In reversing Taylor reasoned that “Evidence Code section 790 does not render evidence in support of defendant's credibility irrelevant;  it simply restricts its admissibility.”  (180 Cal.App.3d at p. 630, 225 Cal.Rptr. 733.)   The statute was, therefore, repealed by the plain language of section 28(d).   The court further opined that its conclusion was supported by the ballot summaries and arguments in favor of Proposition 8 and by the Supreme Court opinion of In re Lance W. (1985) 37 Cal.3d 873, 886, 889, 210 Cal.Rptr. 631, 694 P.2d 744.  (People v. Taylor, supra, 180 Cal.App.3d at pp. 631–632, 225 Cal.Rptr. 733.)

Like Taylor, People v. Adams (1988) 198 Cal.App.3d 10, 243 Cal.Rptr. 580, decided by this court, was a case in which the defense, not the prosecution, sought the benefit of section 28(d).   The defendant, who was charged with rape, claimed that the prosecutrix had consented to sexual acts in exchange for cocaine and filed a false rape complaint when he refused to provide it.

The defendant's attempt to show that the alleged victim had in the past falsely accused others of rape was rejected on the ground that, under section  787,7 a prosecution witness could not be impeached by evidence of specific acts relevant only to character.  Adams adopted the reasoning of Taylor and held that section 787 was invalidated by section 28(d);  i.e., evidence of the victim's prior specific acts of falsely accusing others of rape was relevant and admissible on the issue of her credibility, manifested through a claimed character trait of dishonesty and falsely accusing others of rape.   The purpose of section 28(d), we reiterated, was to liberalize the rules of admissibility of evidence in criminal cases “ ‘to ensure that those who are actually guilty do not escape conviction through restrictions on the admissibility of relevant evidence․  (In re Lance W. [1985] 37 Cal.3d [873], 887, fn. 7 [210 Cal.Rptr. 631, 694 P.2d 744].)'  (People v. Taylor, supra, 180 Cal.App.3d at p. 632 [225 Cal.Rptr. 733] ).”  (People v. Adams, supra, 198 Cal.App.3d. at p. 18, 243 Cal.Rptr. 580.)

Although Taylor and Adams are cases in which defendants successfully utilized the provisions of section 28(d) to overcome the prohibition of sections 790 and 787 [which restricted the admissibility of proffered defense evidence], nothing in those cases or in section 28(d) itself warrants different treatment of evidence proffered by the prosecution.

In People v. Harris (1989) 47 Cal.3d 1047, 255 Cal.Rptr. 352, 767 P.2d 619, our Supreme Court considered the impact of section 28(d) on prosecution evidence.  Harris was a death penalty case in which a paid police informant testified against the defendant.   Thereafter, a police officer testified that the informant had provided reliable information on prior occasions.   On appeal, the defendant argued that the police officer's testimony establishing the informant's reliability was inadmissible under sections 787 and 1101, subdivision (a) (hereafter 1101(a)).8  The People responded that these sections were repealed by section 28(d) to the extent they limit admissibility of relevant specific acts of conduct.   The Supreme Court held that the evidence was properly admitted because “section 28(d) effected a pro tanto repeal” of sections 786, 787 and 790.9  (Id. at pp. 1081–1082, 255 Cal.Rptr. 352, 767 P.2d 619.)   The exclusionary effect of those sections was not preserved by section 28(d), the court stated, “when the evidence relates to a witness's conduct, but is offered to attack or support the credibility of the witness.”  (Id. at p. 1081, 255 Cal.Rptr. 352, 767 P.2d 619, emphasis added.)  Harris reserved the question of whether, by implication, section 28(d) preserved section 1101(a) because of the reference to section 1101 in section 1103,10 as to which section 28(d) provides:  “Nothing in this section shall affect ․ Evidence Code, [Section] ․ 1103.”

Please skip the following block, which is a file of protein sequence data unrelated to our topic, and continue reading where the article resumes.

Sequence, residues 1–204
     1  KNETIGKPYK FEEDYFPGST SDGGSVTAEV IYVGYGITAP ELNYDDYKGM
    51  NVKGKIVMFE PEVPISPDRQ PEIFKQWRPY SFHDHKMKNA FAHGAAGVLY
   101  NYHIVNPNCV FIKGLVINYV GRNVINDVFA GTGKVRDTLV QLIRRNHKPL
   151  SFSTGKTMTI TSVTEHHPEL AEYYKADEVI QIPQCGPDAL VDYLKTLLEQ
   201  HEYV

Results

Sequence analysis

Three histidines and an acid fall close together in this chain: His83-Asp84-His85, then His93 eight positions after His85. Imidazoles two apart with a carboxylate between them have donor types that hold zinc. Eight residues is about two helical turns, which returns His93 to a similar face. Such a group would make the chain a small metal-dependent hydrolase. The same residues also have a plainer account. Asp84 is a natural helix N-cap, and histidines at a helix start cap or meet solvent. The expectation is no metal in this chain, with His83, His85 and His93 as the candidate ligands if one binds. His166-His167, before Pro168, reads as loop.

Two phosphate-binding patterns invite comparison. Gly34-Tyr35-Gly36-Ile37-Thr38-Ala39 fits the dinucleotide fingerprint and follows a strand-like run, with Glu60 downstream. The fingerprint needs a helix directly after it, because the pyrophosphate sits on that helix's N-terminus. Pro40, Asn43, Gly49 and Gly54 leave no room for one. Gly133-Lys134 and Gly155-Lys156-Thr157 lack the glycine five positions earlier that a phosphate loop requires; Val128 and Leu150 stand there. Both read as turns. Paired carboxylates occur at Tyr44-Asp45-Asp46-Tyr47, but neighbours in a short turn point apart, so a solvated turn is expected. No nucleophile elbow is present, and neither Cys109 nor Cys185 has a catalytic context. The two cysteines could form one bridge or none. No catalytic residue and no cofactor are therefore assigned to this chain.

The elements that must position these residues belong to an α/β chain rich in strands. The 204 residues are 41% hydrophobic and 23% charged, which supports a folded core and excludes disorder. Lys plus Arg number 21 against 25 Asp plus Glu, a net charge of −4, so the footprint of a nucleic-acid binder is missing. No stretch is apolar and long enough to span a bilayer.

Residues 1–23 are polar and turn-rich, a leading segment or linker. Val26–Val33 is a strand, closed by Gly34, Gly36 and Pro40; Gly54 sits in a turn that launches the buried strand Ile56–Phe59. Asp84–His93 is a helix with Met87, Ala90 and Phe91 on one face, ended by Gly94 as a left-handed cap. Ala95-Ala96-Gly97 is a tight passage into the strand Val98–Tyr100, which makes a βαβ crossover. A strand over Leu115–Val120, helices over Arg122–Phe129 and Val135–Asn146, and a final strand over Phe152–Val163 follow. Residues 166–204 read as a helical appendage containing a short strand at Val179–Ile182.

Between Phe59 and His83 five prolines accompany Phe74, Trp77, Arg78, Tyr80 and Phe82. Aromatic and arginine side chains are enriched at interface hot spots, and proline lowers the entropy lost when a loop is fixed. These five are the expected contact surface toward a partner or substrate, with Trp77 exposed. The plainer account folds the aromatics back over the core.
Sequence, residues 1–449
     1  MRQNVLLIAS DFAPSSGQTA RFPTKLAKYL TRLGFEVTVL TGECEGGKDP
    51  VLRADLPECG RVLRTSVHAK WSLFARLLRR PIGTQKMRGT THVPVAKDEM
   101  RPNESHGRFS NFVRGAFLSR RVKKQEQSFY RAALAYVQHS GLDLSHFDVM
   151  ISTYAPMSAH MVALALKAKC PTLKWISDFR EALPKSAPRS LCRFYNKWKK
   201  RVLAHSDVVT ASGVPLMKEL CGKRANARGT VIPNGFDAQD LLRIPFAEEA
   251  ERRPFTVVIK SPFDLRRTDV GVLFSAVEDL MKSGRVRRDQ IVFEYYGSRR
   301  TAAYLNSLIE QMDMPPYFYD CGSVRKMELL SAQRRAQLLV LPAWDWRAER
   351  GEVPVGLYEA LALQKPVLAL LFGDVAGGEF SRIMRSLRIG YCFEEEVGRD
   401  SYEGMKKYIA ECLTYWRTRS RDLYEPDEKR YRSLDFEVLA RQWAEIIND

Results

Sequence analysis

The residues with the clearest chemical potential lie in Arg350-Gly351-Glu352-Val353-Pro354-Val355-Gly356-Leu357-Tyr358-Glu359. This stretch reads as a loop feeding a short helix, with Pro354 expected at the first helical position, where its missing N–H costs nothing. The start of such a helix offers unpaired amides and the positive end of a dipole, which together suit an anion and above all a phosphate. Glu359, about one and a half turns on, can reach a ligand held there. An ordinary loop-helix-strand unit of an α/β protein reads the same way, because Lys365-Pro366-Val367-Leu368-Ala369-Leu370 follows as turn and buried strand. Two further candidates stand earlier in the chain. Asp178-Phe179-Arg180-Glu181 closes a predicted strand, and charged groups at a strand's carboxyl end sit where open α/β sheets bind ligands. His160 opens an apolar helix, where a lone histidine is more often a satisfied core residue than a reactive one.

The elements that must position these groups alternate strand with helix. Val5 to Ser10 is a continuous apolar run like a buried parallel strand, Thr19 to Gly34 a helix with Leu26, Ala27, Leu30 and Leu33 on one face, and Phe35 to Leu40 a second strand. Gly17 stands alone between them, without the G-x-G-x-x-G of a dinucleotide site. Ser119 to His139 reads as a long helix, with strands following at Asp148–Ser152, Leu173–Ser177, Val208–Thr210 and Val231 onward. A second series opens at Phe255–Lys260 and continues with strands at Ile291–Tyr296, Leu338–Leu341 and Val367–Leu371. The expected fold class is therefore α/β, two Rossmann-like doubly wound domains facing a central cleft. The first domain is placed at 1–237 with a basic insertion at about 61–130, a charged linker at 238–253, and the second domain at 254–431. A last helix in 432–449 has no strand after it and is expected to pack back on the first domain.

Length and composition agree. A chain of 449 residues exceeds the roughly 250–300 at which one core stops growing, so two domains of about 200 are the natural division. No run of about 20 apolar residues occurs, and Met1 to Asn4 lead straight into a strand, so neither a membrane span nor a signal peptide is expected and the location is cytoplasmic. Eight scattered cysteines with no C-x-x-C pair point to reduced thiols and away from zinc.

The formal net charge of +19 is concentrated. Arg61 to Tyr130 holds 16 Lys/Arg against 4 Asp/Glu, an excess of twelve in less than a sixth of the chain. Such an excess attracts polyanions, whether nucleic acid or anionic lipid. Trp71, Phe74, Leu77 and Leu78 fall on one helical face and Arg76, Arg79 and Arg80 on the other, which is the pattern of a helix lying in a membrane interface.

The defendant in Harris sought to invoke “the rule that ‘evidence of specific instances of a person's conduct is inadmissible to prove that on a particular occasion he acted in conformity with the trait of character indicated by his prior specific acts.  (Evid.Code, §§ 1101, subd. (a), 787.)   Thus, such evidence could not be introduced as proof of a witness' character for honesty or veracity, or their opposites, for the purpose of supporting or attacking the witness' credibility.  (Evid.Code, § 787.)’   (People v. Antick (1975) 15 Cal.3d 79, 96 [123 Cal.Rptr. 475, 539 P.2d 43]․)”  (People v. Harris, supra, 47 Cal.3d at pp. 1080–1081, 255 Cal.Rptr. 352, 767 P.2d 619.)   In reserving the question of whether section 28(d) preserved section 1101(a), Harris did not comment on three appellate court opinions which have discussed that issue.